It’s time for karate class,” I said to my 13-year-old son. “Do I have to go?” He asked. “Yes,” I said. This has been a common exchange between us for a variety of activities over the past 10 years. He has tried everything from baseball to cooking class - yet nothing holds his interest as much as video games do. Every now and then I wonder if it is worth investing the money and time into the activities or sports he doesn’t want to participate in. But if I hold off on signing him up for things, he does nothing except play video games until we try something new again; it’s a never-ending cycle.
Most often, friendships serve as a positive force in children’s lives, helping to cement a sense of identity and belonging while kids learn real-world lessons in sharing, empathy, and kindness. Friends can impart the type of ‘positive peer pressure’ that spurs the growth of positive personality characteristics, like tenacity and generosity. But there’s a dark side to childhood friendships. When things like bullying, gossip, or jealousy take hold, a child’s health and happiness can suffer. Research from the University of Alabama links jealousy in adolescent friendships to low self-worth, aggression, and loneliness.
Mindfulness refers to a person’s capacity to remain fully present on a moment-to-moment basis so that one is aware of an experience as it is occurring without trying to judge it, change it, or escape it. Mindfulness and its practice is a topic that has been gaining traction steadily in the media. According to experts, mindfulness can help to improve one’s well-being, health, happiness, and resilience. When we are not in a mindful state, we are said to be running on autopilot such that we become too consumed and preoccupied with a future that never arrives and a past that is long gone. As a result, we often feel out of sync with our mind and body connection, which can lead to a host of problems such as anxiety, depression, and fatigue - all of which can affect our parenting.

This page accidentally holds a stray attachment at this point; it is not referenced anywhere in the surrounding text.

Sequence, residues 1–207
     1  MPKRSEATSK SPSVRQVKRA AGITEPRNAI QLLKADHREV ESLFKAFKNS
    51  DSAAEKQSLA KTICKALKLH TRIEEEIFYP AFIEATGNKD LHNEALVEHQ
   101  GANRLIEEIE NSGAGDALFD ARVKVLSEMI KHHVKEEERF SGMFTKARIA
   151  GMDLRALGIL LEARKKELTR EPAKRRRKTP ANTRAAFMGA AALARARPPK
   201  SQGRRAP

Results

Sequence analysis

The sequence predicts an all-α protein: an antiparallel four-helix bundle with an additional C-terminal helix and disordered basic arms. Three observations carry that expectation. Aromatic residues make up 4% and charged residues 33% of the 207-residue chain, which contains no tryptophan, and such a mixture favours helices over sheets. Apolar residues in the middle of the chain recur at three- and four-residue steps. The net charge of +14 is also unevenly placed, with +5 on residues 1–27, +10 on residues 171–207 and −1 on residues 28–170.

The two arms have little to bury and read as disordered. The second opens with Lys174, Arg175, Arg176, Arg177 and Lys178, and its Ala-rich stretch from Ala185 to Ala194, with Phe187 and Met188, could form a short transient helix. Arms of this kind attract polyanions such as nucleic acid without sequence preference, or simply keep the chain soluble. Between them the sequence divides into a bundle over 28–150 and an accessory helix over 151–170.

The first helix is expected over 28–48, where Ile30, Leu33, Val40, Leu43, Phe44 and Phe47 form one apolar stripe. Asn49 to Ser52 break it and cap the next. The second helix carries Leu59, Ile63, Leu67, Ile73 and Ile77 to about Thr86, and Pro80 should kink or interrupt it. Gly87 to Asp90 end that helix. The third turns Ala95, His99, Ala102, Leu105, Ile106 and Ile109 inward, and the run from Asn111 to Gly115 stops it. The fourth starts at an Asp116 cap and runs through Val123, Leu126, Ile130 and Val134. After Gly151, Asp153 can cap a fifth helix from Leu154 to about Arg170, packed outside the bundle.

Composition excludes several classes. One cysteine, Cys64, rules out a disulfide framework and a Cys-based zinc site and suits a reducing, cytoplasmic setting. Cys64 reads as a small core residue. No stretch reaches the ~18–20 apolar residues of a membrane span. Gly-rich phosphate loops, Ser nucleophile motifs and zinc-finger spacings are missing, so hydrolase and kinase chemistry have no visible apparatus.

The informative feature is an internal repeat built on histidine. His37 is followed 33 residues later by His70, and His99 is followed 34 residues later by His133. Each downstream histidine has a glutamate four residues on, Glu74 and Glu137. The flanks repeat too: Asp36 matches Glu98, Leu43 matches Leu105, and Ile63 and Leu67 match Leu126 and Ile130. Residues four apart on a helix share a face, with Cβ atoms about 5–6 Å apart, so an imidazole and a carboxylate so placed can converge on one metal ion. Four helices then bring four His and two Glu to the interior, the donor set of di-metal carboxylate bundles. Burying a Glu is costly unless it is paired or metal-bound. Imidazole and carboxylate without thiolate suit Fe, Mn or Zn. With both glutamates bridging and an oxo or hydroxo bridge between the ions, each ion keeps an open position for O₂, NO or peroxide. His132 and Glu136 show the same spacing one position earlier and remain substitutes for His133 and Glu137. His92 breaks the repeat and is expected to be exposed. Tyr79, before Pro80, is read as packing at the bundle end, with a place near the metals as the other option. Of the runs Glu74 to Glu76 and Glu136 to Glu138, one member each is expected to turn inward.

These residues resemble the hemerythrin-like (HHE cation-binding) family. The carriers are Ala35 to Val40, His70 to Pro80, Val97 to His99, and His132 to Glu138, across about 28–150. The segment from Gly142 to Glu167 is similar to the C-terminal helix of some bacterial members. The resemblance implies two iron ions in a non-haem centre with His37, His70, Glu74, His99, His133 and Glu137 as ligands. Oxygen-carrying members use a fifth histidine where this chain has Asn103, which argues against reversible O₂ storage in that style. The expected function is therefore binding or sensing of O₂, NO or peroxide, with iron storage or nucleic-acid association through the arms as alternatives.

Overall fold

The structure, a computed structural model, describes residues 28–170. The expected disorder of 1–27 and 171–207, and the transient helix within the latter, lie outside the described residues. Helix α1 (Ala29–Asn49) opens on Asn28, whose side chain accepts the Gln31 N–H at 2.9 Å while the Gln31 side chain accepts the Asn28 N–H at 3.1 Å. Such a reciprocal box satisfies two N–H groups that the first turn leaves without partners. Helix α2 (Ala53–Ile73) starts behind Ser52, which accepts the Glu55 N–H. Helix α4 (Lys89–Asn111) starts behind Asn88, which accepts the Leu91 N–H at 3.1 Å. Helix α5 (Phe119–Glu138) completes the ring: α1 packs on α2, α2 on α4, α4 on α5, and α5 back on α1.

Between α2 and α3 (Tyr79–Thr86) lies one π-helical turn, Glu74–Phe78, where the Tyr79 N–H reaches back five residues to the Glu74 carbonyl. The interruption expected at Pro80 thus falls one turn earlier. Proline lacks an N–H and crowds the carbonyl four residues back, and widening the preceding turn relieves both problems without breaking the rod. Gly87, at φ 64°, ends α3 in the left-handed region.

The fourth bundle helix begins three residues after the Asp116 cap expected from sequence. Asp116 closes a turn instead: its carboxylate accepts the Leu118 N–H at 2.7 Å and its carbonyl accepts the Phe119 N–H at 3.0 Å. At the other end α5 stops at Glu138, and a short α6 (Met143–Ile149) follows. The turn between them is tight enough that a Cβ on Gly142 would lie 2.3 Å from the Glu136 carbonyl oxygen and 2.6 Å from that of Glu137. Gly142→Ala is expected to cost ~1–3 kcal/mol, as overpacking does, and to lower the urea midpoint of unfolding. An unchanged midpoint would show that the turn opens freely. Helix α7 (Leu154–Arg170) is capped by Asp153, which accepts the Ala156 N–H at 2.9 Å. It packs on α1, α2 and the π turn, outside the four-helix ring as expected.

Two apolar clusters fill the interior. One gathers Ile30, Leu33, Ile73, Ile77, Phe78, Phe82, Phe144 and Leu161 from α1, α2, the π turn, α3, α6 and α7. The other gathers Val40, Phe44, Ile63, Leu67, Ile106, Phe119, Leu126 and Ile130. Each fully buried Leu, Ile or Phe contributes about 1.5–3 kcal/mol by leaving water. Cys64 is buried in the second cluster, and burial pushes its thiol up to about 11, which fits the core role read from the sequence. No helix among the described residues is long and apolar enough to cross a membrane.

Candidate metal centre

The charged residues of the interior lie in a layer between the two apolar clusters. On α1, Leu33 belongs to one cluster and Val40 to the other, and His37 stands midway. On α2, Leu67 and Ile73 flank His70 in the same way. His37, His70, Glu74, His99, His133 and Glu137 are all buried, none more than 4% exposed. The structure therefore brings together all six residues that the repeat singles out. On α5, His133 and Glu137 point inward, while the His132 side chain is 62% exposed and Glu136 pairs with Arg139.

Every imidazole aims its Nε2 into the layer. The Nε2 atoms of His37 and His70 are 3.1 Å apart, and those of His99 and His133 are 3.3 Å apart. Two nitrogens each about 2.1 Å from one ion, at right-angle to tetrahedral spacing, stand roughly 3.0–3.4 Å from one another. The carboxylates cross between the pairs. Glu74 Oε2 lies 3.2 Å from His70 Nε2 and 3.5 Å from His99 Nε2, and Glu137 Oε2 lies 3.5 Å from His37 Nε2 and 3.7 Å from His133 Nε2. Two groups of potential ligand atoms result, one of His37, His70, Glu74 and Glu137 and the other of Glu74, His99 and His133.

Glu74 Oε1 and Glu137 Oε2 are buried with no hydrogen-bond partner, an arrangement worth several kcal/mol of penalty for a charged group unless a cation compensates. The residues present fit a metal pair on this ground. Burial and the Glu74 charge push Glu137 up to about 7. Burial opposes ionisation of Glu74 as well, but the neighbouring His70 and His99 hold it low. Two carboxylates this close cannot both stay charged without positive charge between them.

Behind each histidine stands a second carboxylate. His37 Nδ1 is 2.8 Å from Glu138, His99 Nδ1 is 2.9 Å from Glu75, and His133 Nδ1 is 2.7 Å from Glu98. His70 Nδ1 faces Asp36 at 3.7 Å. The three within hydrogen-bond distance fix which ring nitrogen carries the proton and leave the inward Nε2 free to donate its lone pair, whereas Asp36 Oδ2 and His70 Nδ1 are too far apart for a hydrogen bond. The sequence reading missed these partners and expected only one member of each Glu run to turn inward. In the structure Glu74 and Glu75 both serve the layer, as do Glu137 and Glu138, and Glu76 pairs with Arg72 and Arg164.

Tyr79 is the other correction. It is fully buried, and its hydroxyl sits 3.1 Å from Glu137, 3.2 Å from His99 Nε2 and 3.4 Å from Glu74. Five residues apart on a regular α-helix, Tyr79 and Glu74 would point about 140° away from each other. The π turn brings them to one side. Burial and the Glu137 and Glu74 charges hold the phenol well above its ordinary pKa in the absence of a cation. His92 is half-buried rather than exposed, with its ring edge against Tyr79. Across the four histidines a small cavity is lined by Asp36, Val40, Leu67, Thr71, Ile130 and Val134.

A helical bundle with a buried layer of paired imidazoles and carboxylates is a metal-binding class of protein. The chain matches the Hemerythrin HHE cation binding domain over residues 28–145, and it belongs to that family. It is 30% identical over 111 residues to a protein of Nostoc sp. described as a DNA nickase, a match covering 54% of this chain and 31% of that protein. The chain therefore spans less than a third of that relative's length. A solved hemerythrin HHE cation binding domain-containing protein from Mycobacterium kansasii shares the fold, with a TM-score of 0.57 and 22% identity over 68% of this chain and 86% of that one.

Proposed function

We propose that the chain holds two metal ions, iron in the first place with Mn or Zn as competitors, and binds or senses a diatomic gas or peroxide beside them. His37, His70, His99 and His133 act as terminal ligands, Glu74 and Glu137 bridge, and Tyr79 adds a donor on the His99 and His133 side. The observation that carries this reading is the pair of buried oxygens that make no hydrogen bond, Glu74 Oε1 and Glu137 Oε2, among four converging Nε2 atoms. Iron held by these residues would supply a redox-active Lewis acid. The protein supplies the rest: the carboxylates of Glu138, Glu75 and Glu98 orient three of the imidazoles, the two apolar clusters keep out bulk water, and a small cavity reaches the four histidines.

Kids become competent, in increments. Every time a child becomes cheerfully autonomous, parents win, too. I don’t remember the exact year my daughter crossed the line from needing help getting out the door in the morning to being able to manage everything herself, but I do remember the thrill when she could finally tick each step of preparation off an imaginary list in her head. Here’s how to practice getting your kids out the door smiling every day until the entire process becomes routine.
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